Diffusional lithium trapping as a failure mechanism of aluminum foil anodes in lithium-ion batteries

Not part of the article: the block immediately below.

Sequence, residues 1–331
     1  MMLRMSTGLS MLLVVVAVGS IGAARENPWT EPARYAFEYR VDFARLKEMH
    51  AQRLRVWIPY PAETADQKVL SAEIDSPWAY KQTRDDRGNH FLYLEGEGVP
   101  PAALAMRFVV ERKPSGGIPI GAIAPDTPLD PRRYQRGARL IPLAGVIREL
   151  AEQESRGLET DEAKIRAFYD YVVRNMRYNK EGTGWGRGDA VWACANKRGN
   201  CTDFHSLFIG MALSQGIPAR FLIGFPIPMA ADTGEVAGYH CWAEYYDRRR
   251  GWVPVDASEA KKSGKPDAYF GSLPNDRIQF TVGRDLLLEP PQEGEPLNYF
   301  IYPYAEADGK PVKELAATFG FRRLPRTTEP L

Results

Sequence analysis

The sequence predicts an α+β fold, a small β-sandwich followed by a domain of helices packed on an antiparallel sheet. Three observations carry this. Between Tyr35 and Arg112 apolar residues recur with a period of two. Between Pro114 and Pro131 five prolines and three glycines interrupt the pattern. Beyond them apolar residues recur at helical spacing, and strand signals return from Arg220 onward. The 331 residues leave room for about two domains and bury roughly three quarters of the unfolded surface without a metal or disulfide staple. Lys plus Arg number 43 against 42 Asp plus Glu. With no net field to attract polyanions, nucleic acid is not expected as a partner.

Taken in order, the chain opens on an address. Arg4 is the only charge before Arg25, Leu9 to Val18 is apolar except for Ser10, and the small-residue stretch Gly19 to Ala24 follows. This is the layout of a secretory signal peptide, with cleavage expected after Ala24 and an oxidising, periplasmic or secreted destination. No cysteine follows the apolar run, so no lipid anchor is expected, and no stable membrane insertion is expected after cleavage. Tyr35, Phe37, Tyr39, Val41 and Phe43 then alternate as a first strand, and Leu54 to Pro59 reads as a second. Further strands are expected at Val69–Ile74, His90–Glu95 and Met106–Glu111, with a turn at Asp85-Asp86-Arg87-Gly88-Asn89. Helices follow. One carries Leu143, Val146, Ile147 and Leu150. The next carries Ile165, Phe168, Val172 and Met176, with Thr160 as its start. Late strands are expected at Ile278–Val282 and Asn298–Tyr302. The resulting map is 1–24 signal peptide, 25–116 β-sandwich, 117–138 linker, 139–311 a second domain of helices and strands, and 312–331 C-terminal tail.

Aluminum foils are an appealing anode for lithium-ion batteries due to their high capacity and low-cost, but their viability has been limited due to poor cyclability arising from pulverization and solid-electrolyte interphase growth. We show in this thesis that significant capacity degradation of aluminum foil anodes during electrochemical cycling also occurs due to diffusional lithium trapping. Scanning electron microscopy of cross-sectioned, cycled foils in the delithiated state reveals large regions of β-LiAl that are passivated by a surface layer of ⍺-Al, which has poor Li⁺ diffusivity. It is found that lithium diffusion occurs preferentially along the β-LiAl grain boundaries, so the grain structure after initial lithiation significantly affects the trapping behavior. Diffusional lithium trapping is exacerbated by both higher delithiation rates and higher areal capacity, presenting a challenge towards commercialization of aluminum foil anodes. We further demonstrate that diffusional trapping in aluminum foil anodes can be mitigated through alloy design, with the addition of 2 - 3 wt.% Li yielding improved first cycle efficiency, and the addition of 1 wt.% Si yielding improved cycle life. These results provide a mechanistic understanding of diffusional lithium trapping in aluminum foil anodes and highlight compositional design of alloys as a promising strategy to overcome it.